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"Pacific Gas and Electric" or "PG&E" when
referring to PG&E Corporation or its National Energy Group.
The PG&E National Energy Group is not the same company as Pacific
Gas and Electric Company, the utility, and is not regulated by the
California Public Utilities Commission. Customers of Pacific Gas
and Electric Company do not have to buy products or services from
the National Energy Group in order to continue to receive quality
regulated services from Pacific Gas and Electric Company.
HARQUAHALA PLANT RECEIVES UNANIMOUS APPROVAL OF ENVIRONMENTAL COMPATIBILITY
PHOENIX, Ariz. - PG&E Corporation
(NYSE:PCG) today lauded the Arizona Corporation Commission's unanimous
approval of a Certificate of Environmental Compatibility for the
Harquahala Generating Project, a 1,040-megawatt natural gas fired
electric generating merchant power plant in western Maricopa County.
"We are pleased that the
Arizona Corporation Commission has recognized the benefits of clean,
cost-competitive energy in the region as well as our company's commitment
to operating the facility with the utmost attention to environmental
standards," said Thomas B. King, president and chief operating officer,
West Region, of PG&E Corporation's National Energy Group.
The Commission's vote re-affirms
the recommendation made in April of this year by its Transmission
Line and Power Plant Siting Committee, which overwhelmingly supported
approval of the Certificate. This approval came after an exhaustive
review of the environmental impacts and issues related to reliability.
As a condition of the Certificate,
Harquahala Generating has agreed to use Central Arizona Project
(CAP) water as its preferable source of water for the operation
of the plant. If groundwater is needed, the Project will follow
the same requirements for siting and permitting supply wells as
if it were located in an area with restricted groundwater resources.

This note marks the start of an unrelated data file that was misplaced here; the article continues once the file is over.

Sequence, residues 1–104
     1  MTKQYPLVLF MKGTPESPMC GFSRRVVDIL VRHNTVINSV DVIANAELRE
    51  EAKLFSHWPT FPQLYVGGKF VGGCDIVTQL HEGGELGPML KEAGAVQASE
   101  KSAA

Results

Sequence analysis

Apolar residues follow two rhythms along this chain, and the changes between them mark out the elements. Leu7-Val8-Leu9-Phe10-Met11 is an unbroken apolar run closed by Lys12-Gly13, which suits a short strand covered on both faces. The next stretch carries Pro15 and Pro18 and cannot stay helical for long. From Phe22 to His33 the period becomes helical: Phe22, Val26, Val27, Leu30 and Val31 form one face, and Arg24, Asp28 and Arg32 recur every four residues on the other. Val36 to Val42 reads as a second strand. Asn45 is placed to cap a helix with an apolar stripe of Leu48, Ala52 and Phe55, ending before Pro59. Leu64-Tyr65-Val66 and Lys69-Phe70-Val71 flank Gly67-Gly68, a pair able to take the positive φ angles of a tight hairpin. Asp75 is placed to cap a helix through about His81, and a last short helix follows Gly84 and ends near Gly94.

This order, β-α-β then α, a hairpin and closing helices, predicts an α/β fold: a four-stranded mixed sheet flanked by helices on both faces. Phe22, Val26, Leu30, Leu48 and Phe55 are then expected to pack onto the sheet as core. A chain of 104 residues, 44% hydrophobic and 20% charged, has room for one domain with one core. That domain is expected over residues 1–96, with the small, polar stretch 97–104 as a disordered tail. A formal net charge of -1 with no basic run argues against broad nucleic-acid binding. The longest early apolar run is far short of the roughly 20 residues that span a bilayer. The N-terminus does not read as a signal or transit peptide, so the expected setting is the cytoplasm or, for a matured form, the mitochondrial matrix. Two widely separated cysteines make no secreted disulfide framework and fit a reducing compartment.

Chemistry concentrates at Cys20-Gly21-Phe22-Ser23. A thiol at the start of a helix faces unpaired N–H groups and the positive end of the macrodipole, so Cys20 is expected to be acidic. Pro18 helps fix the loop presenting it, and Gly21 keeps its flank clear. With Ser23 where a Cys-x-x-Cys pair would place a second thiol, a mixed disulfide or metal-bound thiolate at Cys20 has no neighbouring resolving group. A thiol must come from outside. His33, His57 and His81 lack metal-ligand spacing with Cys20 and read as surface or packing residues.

King noted that these requirements are much more stringent than
normally required in the Harquahala Valley, an area with extensive
The Project will use a zero
liquid discharge system, to minimize water consumption and the creation
of wastewater. This system treats and recycles the water more than
130 times. Harquahala Generating also will minimize visual impacts
through reduced lighting, color schemes, and moderate stack heights,
as well as visually screen the plant with an approved landscaping
Several residents from Harquahala
Valley testified in support of the Project. Elisa Bigbey, long-time
resident and a member of the Arlington School District told commissioners,
"I have been asked to represent many of the residents in Harquahala
who have endorsed the project but could not be here." She submitted
signed petitions from more than 100 community members who support
the electric generating facility, and asked directly for the Commissioners'
approval of the Certificate.
The Harquahala Generating
Project is expected to generate about $8 to $10 million annually
in local property taxes. An average of 340 construction jobs will
be created during the two-year construction period, and when complete,
the facility will employ about 35 full-time employees.
PG&E Corporation, with 1999
revenues of almost $21 billion and operations in 21 states, markets
energy services and products throughout North America through its
National Energy Group. PG&E Corporation's businesses also include
Pacific Gas and Electric Company, the Northern and Central California
utility that deliver natural gas and electricity to one in every